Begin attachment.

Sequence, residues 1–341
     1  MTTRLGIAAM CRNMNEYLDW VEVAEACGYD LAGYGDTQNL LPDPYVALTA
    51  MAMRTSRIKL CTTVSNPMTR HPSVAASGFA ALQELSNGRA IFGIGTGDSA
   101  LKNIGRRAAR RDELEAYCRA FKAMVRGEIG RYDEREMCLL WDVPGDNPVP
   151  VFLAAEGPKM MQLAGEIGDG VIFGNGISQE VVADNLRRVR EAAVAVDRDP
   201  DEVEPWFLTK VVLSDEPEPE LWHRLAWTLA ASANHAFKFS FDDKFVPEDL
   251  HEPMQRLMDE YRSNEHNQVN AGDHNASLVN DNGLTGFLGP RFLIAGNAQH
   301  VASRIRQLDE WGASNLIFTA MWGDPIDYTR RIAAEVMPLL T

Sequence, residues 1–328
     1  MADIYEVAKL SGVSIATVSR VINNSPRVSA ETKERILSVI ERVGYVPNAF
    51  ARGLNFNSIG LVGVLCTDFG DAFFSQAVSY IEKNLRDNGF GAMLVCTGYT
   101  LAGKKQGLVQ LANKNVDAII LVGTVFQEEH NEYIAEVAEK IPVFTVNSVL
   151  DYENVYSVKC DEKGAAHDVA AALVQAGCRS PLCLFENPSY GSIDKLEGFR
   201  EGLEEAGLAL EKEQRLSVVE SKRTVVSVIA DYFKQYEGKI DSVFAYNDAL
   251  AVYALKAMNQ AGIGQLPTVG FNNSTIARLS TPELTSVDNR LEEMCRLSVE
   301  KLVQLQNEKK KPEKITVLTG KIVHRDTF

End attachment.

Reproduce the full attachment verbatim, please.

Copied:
Sequence, residues 1–341
     1  MTTRLGIAAM CRNMNEYLDW VEVAEACGYD LAGYGDTQNL LPDPYVALTA
    51  MAMRTSRIKL CTTVSNPMTR HPSVAASGFA ALQELSNGRA IFGIGTGDSA
   101  LKNIGRRAAR RDELEAYCRA FKAMVRGEIG RYDEREMCLL WDVPGDNPVP
   151  VFLAAEGPKM MQLAGEIGDG VIFGNGISQE VVADNLRRVR EAAVAVDRDP
   201  DEVEPWFLTK VVLSDEPEPE LWHRLAWTLA ASANHAFKFS FDDKFVPEDL
   251  HEPMQRLMDE YRSNEHNQVN AGDHNASLVN DNGLTGFLGP RFLIAGNAQH
   301  VASRIRQLDE WGASNLIFTA MWGDPIDYTR RIAAEVMPLL T

Sequence, residues 1–328
     1  MADIYEVAKL SGVSIATVSR VINNSPRVSA ETKERILSVI ERVGYVPNAF
    51  ARGLNFNSIG LVGVLCTDFG DAFFSQAVSY IEKNLRDNGF GAMLVCTGYT
   101  LAGKKQGLVQ LANKNVDAII LVGTVFQEEH NEYIAEVAEK IPVFTVNSVL
   151  DYENVYSVKC DEKGAAHDVA AALVQAGCRS PLCLFENPSY GSIDKLEGFR
   201  EGLEEAGLAL EKEQRLSVVE SKRTVVSVIA DYFKQYEGKI DSVFAYNDAL
   251  AVYALKAMNQ AGIGQLPTVG FNNSTIARLS TPELTSVDNR LEEMCRLSVE
   301  KLVQLQNEKK KPEKITVLTG KIVHRDTF